MakerBot Stories. Chinese Company Builds Houses Quickly With 3D Printing. It's a house in a hurry.
A Chinese company harnessed 3D-printing technology to build 10 one-story houses in a day — a cheaper, faster and safer alternative to more traditional construction. WinSun Decoration Design Engineering built the houses in Shanghai using four giant 3D printers, which are each 10 meters (33 feet) wide and 6.6 meters (22 feet) high, according to Chinese news agency Xinhua.
Marketplace on Stitcher - 3D printing could be the future of construction. This Crazy Liquid Blob Is Actually The House Of The Future. Think of a generic house, and you probably picture something along the lines of a simple children’s drawing: A basic box with a few windows and a door.
Even as architectural styles have evolved, the typical form of a home has stayed more or less the same. That’s why, at first glance, it’s hard to tell that this new design from postgraduate architecture student Gonzalo Vaíllo Martínez is a house at all. The designer wanted to challenge conventional expectations for houses of the near future. “We still have many restrictions imposed by Modernism,” Vaíllo says. A WikiHouse for World Maker Faire. World Maker Faire 2013 SketchUp WikiHouse. 3D Printers That Build Entire Houses: Contour Craftings Aims To Print 2,500 Square-Foot-Homes In 20 Hours [Video]
At a TED talk in Ojai, Calif., Behrokh Khoshnevis, director of the Manufacturing Engineering Graduate Program at the University of Southern California, said nearly 1 billion people in the world don’t have access to adequate shelter, a situation that breeds poverty, disease, illiteracy, crime and overpopulation.
To address this problem, Khoshnevis is developing a process called Contour Crafting to use 3D printing technology to build entire houses. Khoshnevis said the giant 3D printers his team is developing can build a 2,500-square-foot house in as little as 20 hours. The Contour Crafting 3D printers could even do the electrical work, plumbing, tiling, finishing work and painting. Baroque On Steroids? The World's First 3-D Printed Room To Become A Reality. Michael Hansmeyer, who is known for using algorithms and computation to generate incredibly complex architecture, is finally ready to build (print) it.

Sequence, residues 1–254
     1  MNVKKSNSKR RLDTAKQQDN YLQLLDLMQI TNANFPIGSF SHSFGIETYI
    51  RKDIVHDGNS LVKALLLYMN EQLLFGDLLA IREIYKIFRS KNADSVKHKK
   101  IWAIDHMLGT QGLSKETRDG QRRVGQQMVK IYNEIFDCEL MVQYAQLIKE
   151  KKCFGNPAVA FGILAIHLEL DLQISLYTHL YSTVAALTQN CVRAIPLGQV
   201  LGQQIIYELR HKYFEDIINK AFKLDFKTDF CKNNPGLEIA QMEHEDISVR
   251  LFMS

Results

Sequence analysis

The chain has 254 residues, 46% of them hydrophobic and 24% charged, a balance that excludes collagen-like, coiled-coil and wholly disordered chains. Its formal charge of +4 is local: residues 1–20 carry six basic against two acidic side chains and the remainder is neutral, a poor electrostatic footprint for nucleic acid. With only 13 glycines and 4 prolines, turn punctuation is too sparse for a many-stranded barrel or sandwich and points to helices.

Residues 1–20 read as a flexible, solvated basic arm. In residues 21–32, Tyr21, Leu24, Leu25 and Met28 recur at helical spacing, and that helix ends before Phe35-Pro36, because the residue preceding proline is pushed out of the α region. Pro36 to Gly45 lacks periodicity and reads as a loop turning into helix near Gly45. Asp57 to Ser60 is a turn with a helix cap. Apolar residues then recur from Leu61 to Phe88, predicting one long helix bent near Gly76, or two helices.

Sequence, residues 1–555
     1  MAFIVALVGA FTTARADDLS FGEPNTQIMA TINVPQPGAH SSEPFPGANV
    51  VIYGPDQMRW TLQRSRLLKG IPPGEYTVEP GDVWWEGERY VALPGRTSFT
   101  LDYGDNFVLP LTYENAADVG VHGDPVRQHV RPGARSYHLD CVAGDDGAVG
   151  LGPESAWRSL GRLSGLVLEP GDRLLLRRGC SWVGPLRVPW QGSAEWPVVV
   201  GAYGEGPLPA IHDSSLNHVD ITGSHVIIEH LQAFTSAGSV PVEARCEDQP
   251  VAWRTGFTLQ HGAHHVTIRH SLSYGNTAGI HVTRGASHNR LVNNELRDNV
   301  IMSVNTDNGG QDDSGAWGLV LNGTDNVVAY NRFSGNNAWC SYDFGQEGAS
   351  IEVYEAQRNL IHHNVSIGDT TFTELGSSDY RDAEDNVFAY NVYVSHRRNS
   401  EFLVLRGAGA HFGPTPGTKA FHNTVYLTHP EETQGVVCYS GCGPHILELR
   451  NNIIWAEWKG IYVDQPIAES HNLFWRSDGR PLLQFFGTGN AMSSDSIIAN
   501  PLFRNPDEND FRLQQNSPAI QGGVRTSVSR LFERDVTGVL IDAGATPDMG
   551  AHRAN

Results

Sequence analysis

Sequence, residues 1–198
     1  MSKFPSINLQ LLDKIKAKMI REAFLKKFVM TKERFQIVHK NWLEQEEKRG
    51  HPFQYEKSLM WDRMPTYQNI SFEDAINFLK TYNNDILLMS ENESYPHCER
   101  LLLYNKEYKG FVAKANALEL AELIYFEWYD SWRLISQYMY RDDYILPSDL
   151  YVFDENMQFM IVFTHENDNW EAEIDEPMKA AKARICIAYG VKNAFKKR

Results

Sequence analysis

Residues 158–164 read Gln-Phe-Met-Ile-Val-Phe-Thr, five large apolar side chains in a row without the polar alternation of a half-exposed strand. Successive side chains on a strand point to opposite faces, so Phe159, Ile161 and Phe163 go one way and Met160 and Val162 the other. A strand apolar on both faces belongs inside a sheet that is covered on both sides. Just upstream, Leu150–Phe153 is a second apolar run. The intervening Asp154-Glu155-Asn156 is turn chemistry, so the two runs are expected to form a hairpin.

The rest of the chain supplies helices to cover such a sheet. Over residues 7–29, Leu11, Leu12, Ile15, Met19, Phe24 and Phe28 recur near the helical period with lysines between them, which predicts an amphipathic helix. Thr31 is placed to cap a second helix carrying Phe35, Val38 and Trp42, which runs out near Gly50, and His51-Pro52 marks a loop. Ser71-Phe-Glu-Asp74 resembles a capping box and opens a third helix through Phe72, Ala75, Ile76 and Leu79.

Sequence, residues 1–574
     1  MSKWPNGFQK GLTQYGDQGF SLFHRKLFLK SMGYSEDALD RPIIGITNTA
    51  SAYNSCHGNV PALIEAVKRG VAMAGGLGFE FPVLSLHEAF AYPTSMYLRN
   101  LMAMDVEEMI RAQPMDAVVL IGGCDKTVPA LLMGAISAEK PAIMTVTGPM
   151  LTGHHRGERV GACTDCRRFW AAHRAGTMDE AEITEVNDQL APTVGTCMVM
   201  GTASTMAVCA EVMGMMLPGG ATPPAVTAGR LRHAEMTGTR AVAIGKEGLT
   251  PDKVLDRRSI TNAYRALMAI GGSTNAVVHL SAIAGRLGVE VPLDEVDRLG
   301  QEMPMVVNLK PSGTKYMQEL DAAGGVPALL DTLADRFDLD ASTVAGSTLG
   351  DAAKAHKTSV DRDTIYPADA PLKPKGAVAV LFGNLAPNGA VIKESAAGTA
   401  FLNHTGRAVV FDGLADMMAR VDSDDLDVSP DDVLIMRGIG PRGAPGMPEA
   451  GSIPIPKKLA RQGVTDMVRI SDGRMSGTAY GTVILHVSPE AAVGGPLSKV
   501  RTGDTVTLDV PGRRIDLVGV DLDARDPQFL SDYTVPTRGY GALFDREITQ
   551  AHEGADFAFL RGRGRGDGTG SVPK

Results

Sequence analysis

This summer, Hansmeyer, in collaboration with project partner Benjamin Dillenburger, will assemble a fully enclosed architectural folly whose highly wrought parts will all be 3-D printed. Hansmeyer and Dillenburger recently previewed a 1:3 scale prototype of the room at the Materializing Exhibition in Tokyo and Basel’s Swiss Art Awards. The design of the spaces, which blend intricately detailed columns with other finely sculptural and nonstructural elements, can be described as Baroque on steroids. Digital Grotesque represents a major development for Hansmeyer, who describes his designs as “computational architecture.” His previous series of cardboard and Styrofoam columns all included forms that he defined using algorithmic processes.
Well, that was then. The full-scale installation opens July 22. In The Future, Our Skyscrapers Will Be Built By Drones. The imagined architecture of the coming drone era is mostly defensive.